That’s the official forecast. In reality, the United States may have a hard time realizing its export potential, at least for the rest of the decade. That’s because, just as has happened in oil markets, there’s a glut of gas right when demand for the fuel is weaker than expected.
That’s most clear in Asia, which just a couple of years ago was paying sky-high prices of close to $18 per million British thermal units for LNG shipments; now, those prices have plunged to about $7 and are expected to head even lower over the next six months. That’s because most gas prices, especially in Asia, are still linked to oil prices. As the price of crude has plunged about 70 percent since mid-2014, so has the cost of gas for big importers like Japan, South Korea, and China.
“There’s no way U.S. LNG can land in Asia at that price,” said Leslie Palti-Guzman, director of global gas at the Rapidan Group, an energy consultancy.
At the same time, visions of huge and growing demand for gas in Asia have faded. Japan is the world’s biggest importer of LNG and in recent years was buying even more, since the country’s nuclear power plants were offline following the 2011 Fukushima meltdown. Now, though, Japan’s nuclear plants are coming back online, and demand for gas is going back down.
Likewise, a few years ago, China was growing at a breakneck pace and looking for cleaner sources of energy to help it fight massive air pollution caused by excessive reliance on coal. Today, China is struggling with — at best — middling growth and has a bevy of options to meet its gas needs, from Central Asia to new deals with Russia.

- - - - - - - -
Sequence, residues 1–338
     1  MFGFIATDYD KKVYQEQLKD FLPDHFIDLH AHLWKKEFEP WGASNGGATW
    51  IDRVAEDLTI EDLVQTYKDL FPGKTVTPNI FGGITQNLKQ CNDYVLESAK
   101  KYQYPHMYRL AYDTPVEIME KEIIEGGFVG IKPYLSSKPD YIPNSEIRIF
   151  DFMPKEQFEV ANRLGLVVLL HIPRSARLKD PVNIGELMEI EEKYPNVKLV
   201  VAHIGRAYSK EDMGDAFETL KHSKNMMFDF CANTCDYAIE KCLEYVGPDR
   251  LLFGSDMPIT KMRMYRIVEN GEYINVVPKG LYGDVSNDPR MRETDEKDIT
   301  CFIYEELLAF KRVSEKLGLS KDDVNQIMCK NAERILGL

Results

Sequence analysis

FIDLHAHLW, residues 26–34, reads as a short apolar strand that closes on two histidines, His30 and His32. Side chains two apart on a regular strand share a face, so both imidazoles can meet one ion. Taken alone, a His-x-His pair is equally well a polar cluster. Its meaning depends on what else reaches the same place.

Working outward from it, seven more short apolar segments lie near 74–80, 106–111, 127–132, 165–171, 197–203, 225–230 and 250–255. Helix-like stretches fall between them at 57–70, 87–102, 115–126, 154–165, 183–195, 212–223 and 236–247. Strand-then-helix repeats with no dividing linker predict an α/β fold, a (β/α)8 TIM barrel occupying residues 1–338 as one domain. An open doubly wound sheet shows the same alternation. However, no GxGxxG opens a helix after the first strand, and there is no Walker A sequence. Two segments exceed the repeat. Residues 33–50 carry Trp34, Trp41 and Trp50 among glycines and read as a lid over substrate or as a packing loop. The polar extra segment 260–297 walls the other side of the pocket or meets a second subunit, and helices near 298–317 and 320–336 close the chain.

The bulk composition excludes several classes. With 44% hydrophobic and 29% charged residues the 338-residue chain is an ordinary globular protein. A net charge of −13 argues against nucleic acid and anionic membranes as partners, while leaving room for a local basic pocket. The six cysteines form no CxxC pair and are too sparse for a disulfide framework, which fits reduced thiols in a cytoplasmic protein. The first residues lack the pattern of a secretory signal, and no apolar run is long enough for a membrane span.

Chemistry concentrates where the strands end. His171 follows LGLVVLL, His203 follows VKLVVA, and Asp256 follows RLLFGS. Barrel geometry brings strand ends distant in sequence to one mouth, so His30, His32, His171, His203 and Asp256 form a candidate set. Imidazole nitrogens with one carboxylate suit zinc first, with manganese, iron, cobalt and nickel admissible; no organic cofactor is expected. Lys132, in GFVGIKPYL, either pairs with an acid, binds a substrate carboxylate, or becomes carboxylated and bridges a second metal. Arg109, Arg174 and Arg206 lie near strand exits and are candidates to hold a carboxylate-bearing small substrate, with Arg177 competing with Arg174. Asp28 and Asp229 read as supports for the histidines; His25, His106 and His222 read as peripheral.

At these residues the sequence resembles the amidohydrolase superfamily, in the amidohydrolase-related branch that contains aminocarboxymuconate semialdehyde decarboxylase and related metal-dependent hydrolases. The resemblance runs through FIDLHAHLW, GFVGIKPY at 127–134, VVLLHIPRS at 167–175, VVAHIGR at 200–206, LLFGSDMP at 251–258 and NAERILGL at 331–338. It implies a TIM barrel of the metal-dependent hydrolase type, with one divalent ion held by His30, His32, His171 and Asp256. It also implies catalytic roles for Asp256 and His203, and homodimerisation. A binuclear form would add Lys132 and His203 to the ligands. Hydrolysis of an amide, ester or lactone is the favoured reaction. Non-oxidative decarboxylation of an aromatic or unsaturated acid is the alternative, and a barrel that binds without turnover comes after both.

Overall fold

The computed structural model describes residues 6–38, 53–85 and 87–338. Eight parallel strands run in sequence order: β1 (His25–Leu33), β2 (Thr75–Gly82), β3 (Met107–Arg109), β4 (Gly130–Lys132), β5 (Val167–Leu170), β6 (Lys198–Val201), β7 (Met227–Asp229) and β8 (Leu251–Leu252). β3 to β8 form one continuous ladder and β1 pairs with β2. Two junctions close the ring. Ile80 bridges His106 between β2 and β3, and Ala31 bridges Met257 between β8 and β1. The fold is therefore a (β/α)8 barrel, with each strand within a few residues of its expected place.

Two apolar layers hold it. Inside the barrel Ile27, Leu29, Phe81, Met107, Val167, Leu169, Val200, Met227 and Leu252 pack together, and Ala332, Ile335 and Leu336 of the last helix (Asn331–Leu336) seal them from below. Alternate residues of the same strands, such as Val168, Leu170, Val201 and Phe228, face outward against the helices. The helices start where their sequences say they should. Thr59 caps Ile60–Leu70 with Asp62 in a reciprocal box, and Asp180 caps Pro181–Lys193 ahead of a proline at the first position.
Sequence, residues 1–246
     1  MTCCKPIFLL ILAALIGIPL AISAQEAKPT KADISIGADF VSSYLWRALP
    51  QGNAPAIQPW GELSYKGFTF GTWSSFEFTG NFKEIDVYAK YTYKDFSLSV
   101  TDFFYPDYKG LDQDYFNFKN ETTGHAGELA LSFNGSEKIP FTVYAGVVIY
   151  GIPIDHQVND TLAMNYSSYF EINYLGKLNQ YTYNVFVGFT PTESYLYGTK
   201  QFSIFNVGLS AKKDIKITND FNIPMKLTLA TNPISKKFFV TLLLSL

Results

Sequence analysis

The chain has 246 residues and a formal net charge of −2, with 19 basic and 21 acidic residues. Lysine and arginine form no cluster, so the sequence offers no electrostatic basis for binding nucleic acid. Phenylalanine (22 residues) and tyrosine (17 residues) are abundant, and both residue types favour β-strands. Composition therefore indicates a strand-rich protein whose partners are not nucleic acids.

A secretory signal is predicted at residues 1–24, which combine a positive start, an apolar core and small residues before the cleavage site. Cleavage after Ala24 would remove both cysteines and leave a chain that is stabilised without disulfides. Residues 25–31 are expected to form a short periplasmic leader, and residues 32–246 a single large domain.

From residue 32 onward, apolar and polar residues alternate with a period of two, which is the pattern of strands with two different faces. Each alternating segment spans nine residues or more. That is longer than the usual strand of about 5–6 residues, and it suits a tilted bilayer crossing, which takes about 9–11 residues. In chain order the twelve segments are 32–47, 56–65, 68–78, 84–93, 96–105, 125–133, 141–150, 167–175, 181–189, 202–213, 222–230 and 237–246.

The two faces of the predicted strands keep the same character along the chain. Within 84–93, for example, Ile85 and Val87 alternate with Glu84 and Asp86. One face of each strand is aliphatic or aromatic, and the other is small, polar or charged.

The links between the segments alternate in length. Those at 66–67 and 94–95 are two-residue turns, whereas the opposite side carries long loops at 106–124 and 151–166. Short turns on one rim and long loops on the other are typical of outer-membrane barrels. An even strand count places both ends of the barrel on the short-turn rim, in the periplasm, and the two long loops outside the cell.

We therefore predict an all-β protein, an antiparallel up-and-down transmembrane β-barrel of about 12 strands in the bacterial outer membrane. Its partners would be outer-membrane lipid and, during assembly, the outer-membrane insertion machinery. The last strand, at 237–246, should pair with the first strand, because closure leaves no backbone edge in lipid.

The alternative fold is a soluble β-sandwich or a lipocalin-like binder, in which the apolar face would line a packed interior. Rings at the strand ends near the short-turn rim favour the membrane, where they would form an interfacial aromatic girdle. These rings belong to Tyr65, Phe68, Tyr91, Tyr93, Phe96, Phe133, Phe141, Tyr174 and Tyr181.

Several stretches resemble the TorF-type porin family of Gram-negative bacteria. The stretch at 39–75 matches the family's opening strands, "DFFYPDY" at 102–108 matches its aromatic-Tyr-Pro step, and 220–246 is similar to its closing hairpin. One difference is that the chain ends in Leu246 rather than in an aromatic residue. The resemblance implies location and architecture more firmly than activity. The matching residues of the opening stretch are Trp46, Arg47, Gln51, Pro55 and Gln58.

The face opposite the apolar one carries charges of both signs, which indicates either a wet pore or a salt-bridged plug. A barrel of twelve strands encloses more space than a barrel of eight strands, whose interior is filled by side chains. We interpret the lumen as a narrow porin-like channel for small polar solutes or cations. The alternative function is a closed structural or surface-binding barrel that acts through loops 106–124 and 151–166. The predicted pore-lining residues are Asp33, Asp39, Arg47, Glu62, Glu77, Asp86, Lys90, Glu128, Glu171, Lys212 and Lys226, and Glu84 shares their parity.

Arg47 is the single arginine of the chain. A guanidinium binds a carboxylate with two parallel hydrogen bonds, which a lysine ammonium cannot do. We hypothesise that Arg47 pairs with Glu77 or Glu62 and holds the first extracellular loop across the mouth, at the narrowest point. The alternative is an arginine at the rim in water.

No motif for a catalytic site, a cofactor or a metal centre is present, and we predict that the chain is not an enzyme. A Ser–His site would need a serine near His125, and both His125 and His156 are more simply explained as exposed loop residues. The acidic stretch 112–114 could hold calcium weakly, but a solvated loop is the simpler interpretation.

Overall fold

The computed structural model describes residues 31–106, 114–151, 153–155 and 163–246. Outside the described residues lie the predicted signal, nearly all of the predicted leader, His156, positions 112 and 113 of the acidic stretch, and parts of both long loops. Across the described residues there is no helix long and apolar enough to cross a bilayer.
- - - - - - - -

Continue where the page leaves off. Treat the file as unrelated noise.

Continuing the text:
Further clouding the outlook in Asia is a gusher of hugely expensive new gas projects in Australia just now coming online. Better positioned geographically to serve Asian customers, those Australian projects will make it harder for U.S. gas shipping out of terminals in the Gulf of Mexico to head west across the Pacific.
But if not to Asia, then where will U.S. gas go? “I see Europe being the big beneficiary of the new market,” said Rapidan’s Palti-Guzman.
Gas deliveries pushed out of Asia could find a ready home at Europe’s numerous and underused LNG import terminals, she said. And European leaders are close to finalizing plans to import more LNG in a bid to break Russia’s energy stranglehold over the continent.